The Pakistan Railways is set to change the centuries-old tradition of coolies (porters) getting hired by private contractors as the practice was exploitative.
Coinciding with the World Railways Workers Day, celebrated on March 27, the Chief Executive Railways Zafar Zaman Ranjha said, “The proposal that is titled ‘Madadgaars (helping hands)’ is ready and will be presented to the authorities for approval in the coming days.
The history of the institution of coolies at the platforms of railway stations of the subcontinent is still alive after over a hundred years. Their services are inevitable for passengers because the trains, which are designated to certain platforms, due to the poor state of stairs and bridges at the railway stations, leave the passengers with no other choice but to engage porters to carry heavy luggage from one platform to another.
“The railway stations are not upgraded as we find them in European countries or other advanced places. But, the bridges and stairs at many railway satiations in Pakistan are more than [a] hundred years old. The Lahore Railway station was built shortly after 1857 and was renovated over the period of time but its main structure was never changed, and that is why porters are the backbone of our facilitation to the passengers and they also deserve a good wage and better quality of life”, Zaman said.
The proposal to revamp the existing porter system in the railway network is modelled on Alfred Marshall’s renowned “Efficiency Wage Theory” which signifies that higher wages induce better service delivery.
The digitalization of the porter system along with new policies and a web-based mobile application will also be launched that will provide a database of all authorized and registered Madadgaars at a station along with their photographs and a specified file for complaints.
“With all the updated features, people will be able to pre-book the Madadgaar before coming to the station and the approved charges will be paid to the Madadgaars for their services by the passengers that will save their time. The Madadgaars would also be able to keep track of happenings”, Zaman told Anadolu Agency.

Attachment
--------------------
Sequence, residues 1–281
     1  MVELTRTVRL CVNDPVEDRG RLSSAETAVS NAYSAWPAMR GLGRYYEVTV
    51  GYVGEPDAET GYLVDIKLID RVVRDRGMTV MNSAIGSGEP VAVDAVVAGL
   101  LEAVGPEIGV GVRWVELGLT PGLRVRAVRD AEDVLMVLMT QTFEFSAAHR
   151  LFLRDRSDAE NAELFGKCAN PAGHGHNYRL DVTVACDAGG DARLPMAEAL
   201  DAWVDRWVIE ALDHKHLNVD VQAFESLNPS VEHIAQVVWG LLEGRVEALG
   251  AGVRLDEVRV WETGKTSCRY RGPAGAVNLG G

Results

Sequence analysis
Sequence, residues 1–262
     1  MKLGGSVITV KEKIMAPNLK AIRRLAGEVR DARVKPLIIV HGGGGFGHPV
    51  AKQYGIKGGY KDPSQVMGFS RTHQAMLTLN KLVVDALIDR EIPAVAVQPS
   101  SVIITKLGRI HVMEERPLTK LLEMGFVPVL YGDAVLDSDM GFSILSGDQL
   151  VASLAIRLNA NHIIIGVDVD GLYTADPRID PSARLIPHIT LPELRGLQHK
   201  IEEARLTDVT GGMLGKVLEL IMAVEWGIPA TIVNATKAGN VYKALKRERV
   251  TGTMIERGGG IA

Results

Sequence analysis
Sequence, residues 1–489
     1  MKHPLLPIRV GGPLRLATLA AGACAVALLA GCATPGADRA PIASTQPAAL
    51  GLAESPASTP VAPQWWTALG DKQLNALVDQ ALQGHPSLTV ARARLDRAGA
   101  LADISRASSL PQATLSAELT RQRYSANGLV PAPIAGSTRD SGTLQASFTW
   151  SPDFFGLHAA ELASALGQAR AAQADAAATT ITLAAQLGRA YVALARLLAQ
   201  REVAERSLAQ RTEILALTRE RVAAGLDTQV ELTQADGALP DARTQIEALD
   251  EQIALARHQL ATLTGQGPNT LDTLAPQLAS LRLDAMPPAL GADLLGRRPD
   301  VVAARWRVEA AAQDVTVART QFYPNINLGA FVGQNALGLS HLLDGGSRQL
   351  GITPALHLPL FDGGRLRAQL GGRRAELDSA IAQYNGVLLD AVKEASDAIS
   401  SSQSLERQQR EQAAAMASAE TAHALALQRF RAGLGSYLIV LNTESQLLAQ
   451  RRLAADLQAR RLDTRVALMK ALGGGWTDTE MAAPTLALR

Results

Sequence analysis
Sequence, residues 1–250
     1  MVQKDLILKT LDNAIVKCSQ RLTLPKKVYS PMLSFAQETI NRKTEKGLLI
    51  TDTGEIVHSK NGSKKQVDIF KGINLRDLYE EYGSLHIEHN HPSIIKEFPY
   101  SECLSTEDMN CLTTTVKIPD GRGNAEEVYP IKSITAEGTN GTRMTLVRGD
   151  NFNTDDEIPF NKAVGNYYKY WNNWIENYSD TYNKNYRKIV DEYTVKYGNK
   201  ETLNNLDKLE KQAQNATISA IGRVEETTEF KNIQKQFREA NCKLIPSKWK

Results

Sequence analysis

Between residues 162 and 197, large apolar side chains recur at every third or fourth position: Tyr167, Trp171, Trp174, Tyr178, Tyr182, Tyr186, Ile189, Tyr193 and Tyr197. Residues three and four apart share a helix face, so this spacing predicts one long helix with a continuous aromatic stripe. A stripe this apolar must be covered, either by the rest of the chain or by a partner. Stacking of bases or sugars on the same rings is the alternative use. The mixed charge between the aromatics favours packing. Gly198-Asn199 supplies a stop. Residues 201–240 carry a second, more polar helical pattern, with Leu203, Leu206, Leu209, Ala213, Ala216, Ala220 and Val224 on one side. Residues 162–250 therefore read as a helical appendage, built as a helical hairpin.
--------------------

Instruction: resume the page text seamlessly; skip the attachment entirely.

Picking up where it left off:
New uniforms and a Madadgaar desk will be set up at stations. A GPS-based armband that could pinpoint the location of Madadgaars will be implemented and it will also record the conversation between the Madadgaar and the passenger.
Legacy of the porters
Mohammad Hanif, 85, came to the Lahore Railway Station after partition and can still narrate stories related to passengers who travelled on trains during the events of 1947.
“I came to Lahore from district Karnal, Panipat in India and started working as a porter at this railway station when I was in my teens. I have seen countless people reaching their destinations and many stories unfolding in front of my eyes. But I always wished that the government should do something for us”, said Hanif.
Welcoming the decision to digitalize the porters, Ashfaq Ahmed, representative of the porters’ union said, “Who does not want to earn a better livelihood? But it is too early to comment about this proposed digitalization”.
Salman Rashid, Pakistan’s renowned travel writer who travelled throughout his life via train, reminisced about the old and glorious time of railway workers and said, “The station master used to wear a tidy uniform. And the porters were young and vibrant in the 1960s and 1970s. With the passage of time, our quality of railways operation has deteriorated”.
The Pakistan Railways until the late 2000s had marvellous dine-in bogies in which the staff used to serve freshly cooked food and trained waiters used to exchange trays of food from outside of the windows and doors of the moving trains.
“The glorious Khyber Mail even had showers installed in it and we used to dine in separate areas, but the authorities failed to maintain the standards. Now we have to see what their new projects will be but cannot comment on them beforehand. But, upgrading the system with the latest technology is the need of the hour” stressed Rashid.—Courtesy Anadolu Agency